Guest comment: New pensions dashboards will save British workers billions

Today in Britain, we know that our population over the age of 65 is growing. By 2024, 24 per cent will be over 65. In my own constituency of Grantham and Stamford, 30 per cent of the population today is over the age of 65. Britain may be getting older, but our pensions system needs to be modernised. The government’s Pension Scheme Bill aims to do exactly that.

The bill does three things. Firstly it gives The Pensions Regulator new civil and criminal sanctions to punish companies that do not fund their pensions schemes. Secondly, it allows firms to provide collective defined contribution pensions which are a new alternative to defined benefit and defined contribution pensions.

The third part of the bill is the creation of a pension scheme dashboard. The dashboard would be a digital interface set up by the Money and Pensions Service (Maps) which shows savers all of their pension pots and what is in them. Being able to see all your savings in one place would give people a sense of clarity and certainty regarding what they will have upon retirement.

Perhaps the most useful part of the dashboard is that it can help people find lost pensions they never even knew they had. It is incredibly common to receive a workplace pension or sign up to a pension, only to forget you ever had it decades later upon retirement. According to pension provider LV=, a typical worker in Britain changes job on average every 5 years, that works out to be about 9 jobs over a 50 year working career, going from job to job, often collecting a private pension pot each and every time.

The proliferation of lost pensions has become so severe that the Pensions Policy Institute estimates that 1.6 million pension pots worth £19.4bn are currently “lost” - that’s the equivalent of £13,000 per plan. By 2050, the Department for Work and Pensions (DWP) estimates that there may be 50 million lost pensions, that amounts to over £757bn of savings. If even a few people use the pensions dashboard then billions of pounds could be saved.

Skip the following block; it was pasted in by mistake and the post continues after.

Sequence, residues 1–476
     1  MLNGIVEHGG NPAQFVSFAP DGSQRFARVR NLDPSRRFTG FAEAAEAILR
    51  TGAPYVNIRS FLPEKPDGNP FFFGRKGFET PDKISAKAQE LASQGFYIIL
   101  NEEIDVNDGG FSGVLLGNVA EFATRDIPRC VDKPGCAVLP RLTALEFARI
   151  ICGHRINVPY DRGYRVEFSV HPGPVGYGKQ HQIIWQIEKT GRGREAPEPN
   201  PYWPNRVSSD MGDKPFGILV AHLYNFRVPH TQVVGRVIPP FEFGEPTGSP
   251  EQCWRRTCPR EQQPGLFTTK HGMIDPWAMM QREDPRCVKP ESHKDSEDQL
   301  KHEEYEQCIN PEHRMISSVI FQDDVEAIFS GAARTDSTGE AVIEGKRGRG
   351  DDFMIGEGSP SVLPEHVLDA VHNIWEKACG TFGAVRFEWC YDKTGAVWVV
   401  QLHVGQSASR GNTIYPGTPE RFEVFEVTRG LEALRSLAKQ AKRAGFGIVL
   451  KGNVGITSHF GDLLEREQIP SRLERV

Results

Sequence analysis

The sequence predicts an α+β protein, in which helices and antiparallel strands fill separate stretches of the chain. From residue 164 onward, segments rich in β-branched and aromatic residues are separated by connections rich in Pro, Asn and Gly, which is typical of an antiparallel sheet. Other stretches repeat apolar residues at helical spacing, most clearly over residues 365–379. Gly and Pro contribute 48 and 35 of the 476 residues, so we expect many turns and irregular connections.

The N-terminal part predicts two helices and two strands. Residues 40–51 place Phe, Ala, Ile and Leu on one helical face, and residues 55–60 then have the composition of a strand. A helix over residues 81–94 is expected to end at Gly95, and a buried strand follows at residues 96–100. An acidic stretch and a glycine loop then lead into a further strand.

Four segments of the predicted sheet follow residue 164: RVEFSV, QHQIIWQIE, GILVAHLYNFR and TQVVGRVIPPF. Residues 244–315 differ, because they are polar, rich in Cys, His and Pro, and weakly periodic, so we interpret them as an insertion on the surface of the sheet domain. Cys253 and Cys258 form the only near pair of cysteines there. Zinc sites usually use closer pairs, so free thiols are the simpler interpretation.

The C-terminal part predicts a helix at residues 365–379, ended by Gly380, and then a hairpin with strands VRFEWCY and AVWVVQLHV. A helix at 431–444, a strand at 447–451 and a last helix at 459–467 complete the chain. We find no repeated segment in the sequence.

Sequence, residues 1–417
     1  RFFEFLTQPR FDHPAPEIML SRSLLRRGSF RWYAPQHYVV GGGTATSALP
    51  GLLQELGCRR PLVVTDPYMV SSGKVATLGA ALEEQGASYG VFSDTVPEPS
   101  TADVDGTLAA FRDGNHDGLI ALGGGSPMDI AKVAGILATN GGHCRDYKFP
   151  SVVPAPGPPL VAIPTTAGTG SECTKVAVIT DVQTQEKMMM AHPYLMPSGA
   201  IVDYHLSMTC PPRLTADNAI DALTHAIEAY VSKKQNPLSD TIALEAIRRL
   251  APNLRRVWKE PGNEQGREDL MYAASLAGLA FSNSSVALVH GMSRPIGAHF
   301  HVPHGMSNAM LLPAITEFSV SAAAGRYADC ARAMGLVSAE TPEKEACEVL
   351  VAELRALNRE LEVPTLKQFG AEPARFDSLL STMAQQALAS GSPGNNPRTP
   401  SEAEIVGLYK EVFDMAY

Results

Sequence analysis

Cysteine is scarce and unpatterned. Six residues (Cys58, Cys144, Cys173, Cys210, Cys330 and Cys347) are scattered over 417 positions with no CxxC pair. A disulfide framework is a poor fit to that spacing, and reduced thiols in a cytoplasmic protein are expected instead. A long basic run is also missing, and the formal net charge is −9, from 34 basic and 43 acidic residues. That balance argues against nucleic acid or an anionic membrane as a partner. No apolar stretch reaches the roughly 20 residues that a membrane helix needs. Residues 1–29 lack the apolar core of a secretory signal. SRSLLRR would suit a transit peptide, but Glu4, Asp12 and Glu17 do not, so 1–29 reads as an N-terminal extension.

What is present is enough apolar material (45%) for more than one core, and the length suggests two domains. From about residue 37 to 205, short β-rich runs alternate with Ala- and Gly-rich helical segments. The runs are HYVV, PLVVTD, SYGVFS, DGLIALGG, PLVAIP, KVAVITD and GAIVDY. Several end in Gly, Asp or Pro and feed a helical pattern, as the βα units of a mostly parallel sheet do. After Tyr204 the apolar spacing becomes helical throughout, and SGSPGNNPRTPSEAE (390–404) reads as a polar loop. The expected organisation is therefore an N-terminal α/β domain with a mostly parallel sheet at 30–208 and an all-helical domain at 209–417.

Despite the great potential of dashboards there are some criticisms of the policy, although I believe they are misguided. For one, the dashboard would probably require pension providers to supply data on their client’s pensions in a standardised format to the dashboard. Some have said that it could cost millions for the pensions providers to improve this data.

However this cost is vastly outweighed by the benefit the dashboards will bring to millions of people across this country. Of course the industry should already be practising data hygiene anyway. Nonetheless, due to the additional cost, the government rightly promised an additional £5m in 2018 the DWP to help the pensions providers prepare for the dashboard.

The Labour party have had their own critiques. In the House of Lords they have claimed that pension providers hosting the dashboard on their own websites or apps, could encourage mis-selling. As such they have made amendments to prevent dashboards from being accompanied by financial transactions and require the government’s dashboard to be functional for a year before they can be used by the private sector.

These amendments are also misguided. Denmark and Israel have pensions dashboards alongside commercial transactions and not once has there been a case of mis-selling. Furthermore all dashboards would have to be approved, regulated and monitored by the Financial Conduct Authority making the risk of mis-selling very unlikely.

Not only would Labour’s amendments have no benefits they would cause great damage. As the Association of British Insurers has said, it is crucial to have many commercial dashboards so the public is more likely to use them and find their missing pension pots.

Likewise the commercial transactions are useful to make it easier for savers to move their money out of low performing funds or funds with exploitatively high fees.

The pensions dashboard would bring our aging and forgotten pensions into the digital age, possibly saving Britain billions of pounds. Despite claims for caution, the dashboards will be a great success. If the debates in parliament go well I look forward to seeing pensions dashboards provide clarity for savers and act as a spotlight on our forgotten pensions.

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